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Road pricing viable but tricky in Metro Vancouver: Experts

Expect insurmountable public opposition to a strategy of simply slapping tolls on existing bridges to fund TransLink.

But charging every driver a lower and more broadly based charge on each kilometre travelled might work in Metro Vancouver – especially if it's offset by a cut in some existing taxes.

That was some of the advice Metro Vancouver leaders heard Thursday from a panel of international experts at a forum on regional tolling organized by Surrey Mayor Dianne Watts.

A road pricing system could include free home zones for motorists, who wouldn't pay per kilometre charges until they cross a zone boundary into a different city.

Someone in Surrey could drive within Surrey "all day long" but only pay if they cross a zone boundary into New Westminster, suggested Jack Opiola, a Virginia-based road tolling and transport policy consultant.

"When I leave my home zone and travel into somebody else's I know I pay a fee," he said. "That way everybody pays their fair share."

Ideally, panelists said, road pricing could substitute for much of the existing gas tax, which is declining anyway, and possibly even reduce property tax a bit.

"It's going to be a tough sell to say we're going to keep taxing you on your gas and ask you to pay a per-mile charge," said Edward Regan, a transportation and tolling policy authority from Connecticut. "But if it's one instead of the other that's certainly much more viable."

The push by mayors towards road-use charges here springs from both TransLink's troubled quest for sustainable funding and a growing sense among civic leaders that tolling just a couple of bridges is unfair and may inefficiently distort traffic patterns.

Most other jurisdictions are grappling with some of the same challenges as TransLInk, particularly a gas tax that raises less money for transit each year as vehicles get more efficient and more electric cars hit the road.

Panelists said several U.S. jurisdictions – from Washington's Puget Sound to Los Angeles – are contemplating a shift to forms of road pricing, typically by charging a a few cents per mile travelled.

Regan said it's also wise to find ways to provide benefits to drivers, rather than merely a high-tech method to take their money.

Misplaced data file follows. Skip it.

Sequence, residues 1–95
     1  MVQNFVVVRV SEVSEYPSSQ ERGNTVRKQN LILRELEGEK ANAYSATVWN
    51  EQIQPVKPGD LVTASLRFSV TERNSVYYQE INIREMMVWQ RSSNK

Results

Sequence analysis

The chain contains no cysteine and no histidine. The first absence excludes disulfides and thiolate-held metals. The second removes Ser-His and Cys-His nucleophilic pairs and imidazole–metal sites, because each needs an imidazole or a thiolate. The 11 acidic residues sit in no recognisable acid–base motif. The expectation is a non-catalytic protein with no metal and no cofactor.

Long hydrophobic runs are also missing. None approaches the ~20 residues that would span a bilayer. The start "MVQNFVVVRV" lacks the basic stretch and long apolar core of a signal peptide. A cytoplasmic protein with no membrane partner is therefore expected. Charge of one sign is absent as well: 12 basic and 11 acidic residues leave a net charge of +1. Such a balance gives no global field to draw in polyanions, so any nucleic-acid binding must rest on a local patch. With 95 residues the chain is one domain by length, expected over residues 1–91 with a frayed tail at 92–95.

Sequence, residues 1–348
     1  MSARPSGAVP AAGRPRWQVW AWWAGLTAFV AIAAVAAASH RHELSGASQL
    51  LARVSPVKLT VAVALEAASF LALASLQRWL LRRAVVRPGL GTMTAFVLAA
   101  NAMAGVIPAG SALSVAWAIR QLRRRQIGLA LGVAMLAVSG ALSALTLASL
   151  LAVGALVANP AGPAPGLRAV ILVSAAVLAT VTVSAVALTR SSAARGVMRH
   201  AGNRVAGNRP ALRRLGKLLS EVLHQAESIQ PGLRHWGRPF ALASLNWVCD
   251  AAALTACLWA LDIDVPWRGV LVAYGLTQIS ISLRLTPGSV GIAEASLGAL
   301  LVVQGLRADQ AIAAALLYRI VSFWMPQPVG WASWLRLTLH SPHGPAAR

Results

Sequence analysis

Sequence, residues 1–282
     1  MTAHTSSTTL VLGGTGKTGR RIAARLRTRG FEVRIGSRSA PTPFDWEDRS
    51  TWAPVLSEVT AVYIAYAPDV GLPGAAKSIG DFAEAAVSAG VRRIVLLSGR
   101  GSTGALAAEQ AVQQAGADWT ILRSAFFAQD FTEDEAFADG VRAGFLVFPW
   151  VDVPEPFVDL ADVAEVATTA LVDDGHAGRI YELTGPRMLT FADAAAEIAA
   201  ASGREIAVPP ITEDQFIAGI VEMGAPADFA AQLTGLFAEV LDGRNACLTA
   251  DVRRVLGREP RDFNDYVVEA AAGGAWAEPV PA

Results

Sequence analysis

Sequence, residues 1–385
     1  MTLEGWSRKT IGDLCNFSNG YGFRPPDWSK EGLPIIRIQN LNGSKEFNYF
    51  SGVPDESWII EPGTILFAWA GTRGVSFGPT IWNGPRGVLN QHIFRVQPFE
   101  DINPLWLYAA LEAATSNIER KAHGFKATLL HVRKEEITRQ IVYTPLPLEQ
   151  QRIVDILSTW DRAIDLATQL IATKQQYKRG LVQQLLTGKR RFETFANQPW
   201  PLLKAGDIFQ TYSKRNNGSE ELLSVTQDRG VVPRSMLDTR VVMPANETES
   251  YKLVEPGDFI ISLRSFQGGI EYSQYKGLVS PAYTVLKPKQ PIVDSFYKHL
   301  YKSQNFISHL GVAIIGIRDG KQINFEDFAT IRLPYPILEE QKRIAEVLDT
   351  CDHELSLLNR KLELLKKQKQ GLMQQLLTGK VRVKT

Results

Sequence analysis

He said GPS-based systems to charge road usage fees can also be used to advise drivers on less-congested alternate routes, or perhaps guide them to a free parking spot and automatically pay for it.

In Dallas-Fort Worth, he said, tolls on planned new express lanes will vary by route and change according to congestion levels, in an effort to ensure those lanes are free flowing. Drivers will get a toll rebate if traffic fails to flow at a guaranteed minimum speed.

Even with the best ideas in play, panelists warned the policy road to toll systems is littered with failed efforts, including New York City's aborted attempt to introduce a London-style congestion charge.

Opialo said a potential move to a road usage charge being studied in Washington State would also charge B.C. drivers who nip across the border to buy gas – if the measure is enacted.

Puget Sound estimates it could rake in $34 billion over 20 years through road usage fees it aims to put on every route in the region, said Mark Hallenback, director of the Washington State Transportation Centre.

"The numbers are enormous," he said. "The problem is that comes from someone. It's not magic money. It comes from a public which is not at all convinced that they should be giving that to you."

Hallenback also suggested significantly cutting back TransLink's 17-cent-a-litre gas tax, which raises about $330 million a year, if road pricing was imposed here, adding fewer drivers would cross the border to fill up.

"All those people no longer going over to Blaine, they're buying it with the Canadian taxes on it. You might not even lose that much money."

Other methods of easing the pain to motorists could include a $5 maximum cap on tolls paid in a day, or a certain number of free kilometres a day before tolls apply, the forum heard.

The real question, Hallenback said, is whether the scheme can generate net new money for transit expansion, how much more local residents can afford to pay and whether they support the vision for an improved system.

Other challenges include assuring drivers a GPS-based system won't precisely track their cars' movements.

Road pricing has benefits other tax methods – like property tax – can't deliver, the forum heard.

It puts a direct price on putting a key in an ignition and driving away, which too many motorists view as essentially free, aside from gas.

"You level the playing field, making transit more competitive with driving," Regan said.

By deterring some car trips, normally gridlocked bridges and other routes can also become free flowing, especially if rates vary by time of day to encourage more people to travel at off-peak hours.

"You're never going to get people to shift away from using their car to the train using property tax," Regan added.

Surrey Mayor Dianne Watts said Metro leaders need to continue to explore road pricing options.

"It reinforces that the road map in front of us currently is not sustainable," she said. 
"We need to be looking at something else."

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